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Holiday Decorating: Making Safety a Priority for your Dog or Cat

Holiday Decorating: Making Safety a Priority for your Dog or Cat

One of the many joys of the holidays is to beautify our homes with the decorations of the season. However, with all the celebrating going on, it’s easy to miss the potential dangers of twinkling lights and pretty ornaments to your pets. If you plan carefully, you can protect your pets this holiday season and avoid a possible emergency visit to the veterinarian.

Monitor Your Festive Plants.

Holiday plants, such as festive holly, mistletoe and a number of other plants and flowers can be extremely toxic if ingested. Poinsettia leaves, too, can lead to severe stomach upset in pets if they are allowed to chew them. If you plan on decorating with these types of festive plants in or around the house, be sure to keep them all well out-of-reach of any inquisitive dogs and cats.

Watch the Lights.

Cords connected to lights are a tempting, but very dangerous, potential chew-toy for kittens and puppies. We recommend covering and securing exposed wires and making them inaccessible to your curious pets, to prevent shocks and burns.

Protect Your Pets from Open Flames.

Much like the lights in a tree, the flickering flame of a candle can be a similarly tempting toy for your pets, especially kittens. Both the candle’s flame and its hot wax can cause severe burns to cats and dogs, not to mention the risk of fire that candles can cause. If a candle must be part of your holiday repertoire, be sure to secure its base to avoid an unfortunate tipping over. Also, never leave an open flame unattended.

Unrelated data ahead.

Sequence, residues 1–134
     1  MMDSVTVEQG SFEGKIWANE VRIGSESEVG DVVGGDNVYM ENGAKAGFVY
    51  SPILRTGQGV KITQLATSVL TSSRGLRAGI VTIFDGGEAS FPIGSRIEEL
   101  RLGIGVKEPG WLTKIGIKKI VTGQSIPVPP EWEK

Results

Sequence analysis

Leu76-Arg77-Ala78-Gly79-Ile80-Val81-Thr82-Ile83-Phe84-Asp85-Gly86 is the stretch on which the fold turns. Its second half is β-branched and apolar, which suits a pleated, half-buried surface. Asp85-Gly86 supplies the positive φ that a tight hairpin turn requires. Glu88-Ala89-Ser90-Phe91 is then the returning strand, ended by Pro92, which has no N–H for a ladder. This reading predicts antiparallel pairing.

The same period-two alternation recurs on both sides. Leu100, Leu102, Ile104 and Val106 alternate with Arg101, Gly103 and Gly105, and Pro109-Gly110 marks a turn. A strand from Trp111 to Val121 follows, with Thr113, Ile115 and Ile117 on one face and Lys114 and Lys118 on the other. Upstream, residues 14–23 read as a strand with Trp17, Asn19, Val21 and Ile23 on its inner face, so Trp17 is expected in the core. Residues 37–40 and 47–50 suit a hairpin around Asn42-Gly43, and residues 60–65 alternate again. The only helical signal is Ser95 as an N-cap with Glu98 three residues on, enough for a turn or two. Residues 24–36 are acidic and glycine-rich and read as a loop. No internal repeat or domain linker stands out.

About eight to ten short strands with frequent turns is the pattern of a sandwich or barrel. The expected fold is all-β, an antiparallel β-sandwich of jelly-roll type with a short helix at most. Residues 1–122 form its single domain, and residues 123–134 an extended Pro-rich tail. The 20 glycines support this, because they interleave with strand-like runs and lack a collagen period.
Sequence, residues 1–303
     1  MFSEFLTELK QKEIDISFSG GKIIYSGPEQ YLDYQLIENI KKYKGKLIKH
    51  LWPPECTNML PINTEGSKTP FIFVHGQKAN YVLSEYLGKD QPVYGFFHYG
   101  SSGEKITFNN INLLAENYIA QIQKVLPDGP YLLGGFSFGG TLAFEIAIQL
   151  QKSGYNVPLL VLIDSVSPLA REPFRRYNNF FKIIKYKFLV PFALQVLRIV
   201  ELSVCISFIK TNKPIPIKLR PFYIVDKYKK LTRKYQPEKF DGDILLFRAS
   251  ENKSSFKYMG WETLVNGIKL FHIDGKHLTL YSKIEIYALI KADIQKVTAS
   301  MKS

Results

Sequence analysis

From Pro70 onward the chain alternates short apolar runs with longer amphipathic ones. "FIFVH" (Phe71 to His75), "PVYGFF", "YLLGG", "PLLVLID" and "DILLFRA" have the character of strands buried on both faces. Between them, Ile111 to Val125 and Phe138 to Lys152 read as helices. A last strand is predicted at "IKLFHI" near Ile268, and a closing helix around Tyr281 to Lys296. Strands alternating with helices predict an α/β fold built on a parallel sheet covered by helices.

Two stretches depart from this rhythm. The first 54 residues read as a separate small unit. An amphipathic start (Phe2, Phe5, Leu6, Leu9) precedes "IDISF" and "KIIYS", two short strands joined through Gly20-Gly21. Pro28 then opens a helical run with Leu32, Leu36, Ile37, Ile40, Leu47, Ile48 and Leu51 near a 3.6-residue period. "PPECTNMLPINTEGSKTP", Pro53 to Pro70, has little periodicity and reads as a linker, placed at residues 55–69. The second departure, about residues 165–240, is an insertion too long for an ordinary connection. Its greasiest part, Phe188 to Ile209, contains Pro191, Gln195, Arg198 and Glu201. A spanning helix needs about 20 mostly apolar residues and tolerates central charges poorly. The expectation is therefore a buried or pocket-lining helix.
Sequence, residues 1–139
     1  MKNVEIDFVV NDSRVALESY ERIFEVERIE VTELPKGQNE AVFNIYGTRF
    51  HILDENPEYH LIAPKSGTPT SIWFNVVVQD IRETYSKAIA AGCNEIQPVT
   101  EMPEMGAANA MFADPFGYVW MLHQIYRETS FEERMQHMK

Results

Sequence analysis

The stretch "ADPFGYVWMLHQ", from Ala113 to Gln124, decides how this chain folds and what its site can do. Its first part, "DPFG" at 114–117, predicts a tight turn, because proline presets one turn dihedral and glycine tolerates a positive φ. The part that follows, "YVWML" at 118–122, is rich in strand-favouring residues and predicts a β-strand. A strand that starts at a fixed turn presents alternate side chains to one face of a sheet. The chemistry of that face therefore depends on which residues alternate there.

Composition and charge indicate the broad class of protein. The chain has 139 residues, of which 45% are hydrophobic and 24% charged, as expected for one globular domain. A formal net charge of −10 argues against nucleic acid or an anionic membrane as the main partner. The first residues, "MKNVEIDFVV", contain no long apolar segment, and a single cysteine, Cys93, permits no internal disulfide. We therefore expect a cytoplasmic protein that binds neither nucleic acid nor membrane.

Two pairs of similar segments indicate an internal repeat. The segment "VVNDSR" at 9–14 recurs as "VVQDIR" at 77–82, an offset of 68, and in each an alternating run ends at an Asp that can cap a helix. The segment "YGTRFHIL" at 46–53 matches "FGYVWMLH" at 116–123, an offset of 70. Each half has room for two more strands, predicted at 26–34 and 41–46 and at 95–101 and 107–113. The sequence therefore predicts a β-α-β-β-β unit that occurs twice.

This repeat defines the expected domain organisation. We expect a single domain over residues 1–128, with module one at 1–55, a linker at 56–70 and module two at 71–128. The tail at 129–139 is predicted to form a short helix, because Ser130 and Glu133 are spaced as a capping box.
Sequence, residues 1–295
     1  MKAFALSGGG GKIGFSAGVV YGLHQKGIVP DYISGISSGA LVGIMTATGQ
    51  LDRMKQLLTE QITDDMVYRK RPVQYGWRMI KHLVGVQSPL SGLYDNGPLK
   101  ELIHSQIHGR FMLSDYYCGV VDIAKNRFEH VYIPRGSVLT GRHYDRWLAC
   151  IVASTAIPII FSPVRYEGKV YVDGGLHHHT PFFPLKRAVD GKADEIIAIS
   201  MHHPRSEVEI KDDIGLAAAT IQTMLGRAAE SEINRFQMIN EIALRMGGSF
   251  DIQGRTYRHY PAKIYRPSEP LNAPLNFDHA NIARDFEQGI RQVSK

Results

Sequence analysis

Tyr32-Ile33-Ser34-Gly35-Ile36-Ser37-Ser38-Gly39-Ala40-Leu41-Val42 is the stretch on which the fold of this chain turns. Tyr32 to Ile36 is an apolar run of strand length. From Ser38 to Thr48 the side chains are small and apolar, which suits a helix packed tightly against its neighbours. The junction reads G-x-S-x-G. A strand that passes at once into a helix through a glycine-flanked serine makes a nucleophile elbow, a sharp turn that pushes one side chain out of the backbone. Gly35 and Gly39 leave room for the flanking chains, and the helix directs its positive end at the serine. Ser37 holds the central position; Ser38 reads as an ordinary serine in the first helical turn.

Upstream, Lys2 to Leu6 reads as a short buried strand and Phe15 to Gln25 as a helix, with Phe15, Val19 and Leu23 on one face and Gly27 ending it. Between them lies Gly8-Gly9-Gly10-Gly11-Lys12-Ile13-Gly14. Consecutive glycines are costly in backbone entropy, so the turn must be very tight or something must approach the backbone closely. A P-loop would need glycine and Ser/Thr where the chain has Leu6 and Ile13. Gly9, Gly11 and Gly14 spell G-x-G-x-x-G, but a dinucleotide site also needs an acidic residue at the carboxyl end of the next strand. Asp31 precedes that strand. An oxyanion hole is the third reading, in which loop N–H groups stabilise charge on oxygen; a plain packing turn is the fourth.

Tree Safety for Dogs and Cats.

Holiday trees can tip and fall over, injuring pets and people, so be sure that your tree is secured in a solid stand, perhaps even secured to the ceiling or a wall. If you have a natural tree, your dog or cat might perceive this to be another drinking dish, so be sure to use fresh, clean water with no preservatives or chemical additives—and change it daily. Also, avoid putting gifts under the tree that contain food. Dogs and cats have a keen senses of smell and will be able to hunt out food not meant for them, even through the decorative wrapping and packaging.

Decorate with Care.

Puppies and kittens are especially curious about new things in their environment, making your holiday decorations prime candidates for swatting, chewing and general mishaps. Keep an eye out for glass ornaments and ornament hooks, both of which can cause puncture wounds and serious injury to probing pets. Tinsel must be placed well out of the reach of your pets, especially cats and kittens, as it can cause major issues if ingested, such as becoming wrapped around the base of the tongue or cutting through the intestines—both potentially life-threatening emergencies.

Keeping these tips in mind, you and your pets can enjoy a happy and safe holiday season together.

Related Resources

Get more holiday-related tips for dogs and cats in the articles below.